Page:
Hydrogen Breakthrough Could Open the Road to Carbon-Free Cars

| Wed May 23, 2007 2:54 PM EDT

Here's good news on the hydrogen storage front. UK scientists have developed a compound of the element lithium that may make it practical for hydrogen fuel cell cars to drive more than 300 miles before refuelling. Fuel cells produce carbon-free electricity by harnessing electrochemical reactions between hydrogen and oxygen. Today's prototype HFC cars have a range of only 200 miles, and a 300-mile range would require storage the size of a double-decker bus.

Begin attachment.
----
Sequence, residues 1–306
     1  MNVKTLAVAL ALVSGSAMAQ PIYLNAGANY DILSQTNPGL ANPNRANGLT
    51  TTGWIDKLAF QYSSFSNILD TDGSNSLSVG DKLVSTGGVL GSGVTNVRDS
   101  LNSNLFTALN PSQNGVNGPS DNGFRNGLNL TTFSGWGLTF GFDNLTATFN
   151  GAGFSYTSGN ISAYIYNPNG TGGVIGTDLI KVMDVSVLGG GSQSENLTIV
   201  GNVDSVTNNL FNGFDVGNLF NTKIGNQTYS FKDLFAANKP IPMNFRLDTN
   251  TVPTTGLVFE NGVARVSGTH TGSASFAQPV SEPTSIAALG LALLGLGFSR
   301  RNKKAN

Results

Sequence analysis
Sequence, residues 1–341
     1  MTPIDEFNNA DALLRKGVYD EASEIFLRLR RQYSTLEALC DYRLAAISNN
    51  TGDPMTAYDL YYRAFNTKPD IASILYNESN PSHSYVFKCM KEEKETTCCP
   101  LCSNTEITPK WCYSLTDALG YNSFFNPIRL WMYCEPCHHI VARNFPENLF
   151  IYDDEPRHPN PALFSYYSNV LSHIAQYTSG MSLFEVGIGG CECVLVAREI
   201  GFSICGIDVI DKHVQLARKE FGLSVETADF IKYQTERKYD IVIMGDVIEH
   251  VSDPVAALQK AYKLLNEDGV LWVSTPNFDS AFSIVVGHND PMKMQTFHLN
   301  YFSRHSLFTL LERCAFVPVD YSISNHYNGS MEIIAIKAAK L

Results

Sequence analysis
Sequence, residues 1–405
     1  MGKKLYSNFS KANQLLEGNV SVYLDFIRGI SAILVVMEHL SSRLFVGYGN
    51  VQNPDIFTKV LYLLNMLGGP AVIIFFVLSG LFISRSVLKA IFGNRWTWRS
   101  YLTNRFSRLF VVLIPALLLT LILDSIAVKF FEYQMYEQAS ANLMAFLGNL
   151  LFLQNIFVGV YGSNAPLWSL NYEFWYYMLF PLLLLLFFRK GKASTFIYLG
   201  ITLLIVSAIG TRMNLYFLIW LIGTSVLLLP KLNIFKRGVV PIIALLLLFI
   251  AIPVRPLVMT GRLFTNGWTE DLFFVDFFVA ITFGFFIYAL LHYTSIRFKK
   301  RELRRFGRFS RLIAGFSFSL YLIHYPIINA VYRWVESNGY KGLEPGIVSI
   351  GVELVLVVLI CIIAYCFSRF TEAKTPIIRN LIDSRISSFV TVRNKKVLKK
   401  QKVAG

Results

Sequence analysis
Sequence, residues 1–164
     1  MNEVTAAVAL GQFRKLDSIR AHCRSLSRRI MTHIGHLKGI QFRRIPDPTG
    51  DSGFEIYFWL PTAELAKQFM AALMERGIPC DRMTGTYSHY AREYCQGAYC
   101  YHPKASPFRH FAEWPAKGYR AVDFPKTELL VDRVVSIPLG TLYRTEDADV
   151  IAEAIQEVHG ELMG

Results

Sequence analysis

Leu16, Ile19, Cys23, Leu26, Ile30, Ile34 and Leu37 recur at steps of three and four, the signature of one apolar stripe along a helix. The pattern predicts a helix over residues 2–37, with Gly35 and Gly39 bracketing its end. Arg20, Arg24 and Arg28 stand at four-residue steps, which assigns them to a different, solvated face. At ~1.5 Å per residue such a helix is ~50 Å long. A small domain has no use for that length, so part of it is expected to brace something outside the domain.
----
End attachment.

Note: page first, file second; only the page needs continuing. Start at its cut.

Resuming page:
But the UK research has focused on a different approach enabling hydrogen to be stored at a much higher density within acceptable weight limits. The option involves a well-established process called 'chemisorption', in which atoms of a gas are absorbed into the crystal structure of a solid-state material and then released when needed. This could tip the balance in favor of a truly marketable technology.

Fuel-cell technology could assist the emergence of a hydrogen economy rather than a carbon economy. A 2004 report concluded that hydrogen vehicles alone would enable the UK to meet its Kyoto targets for CO2 reductions.

Let's hope this technology gets on the road fast. --JULIA WHITTY

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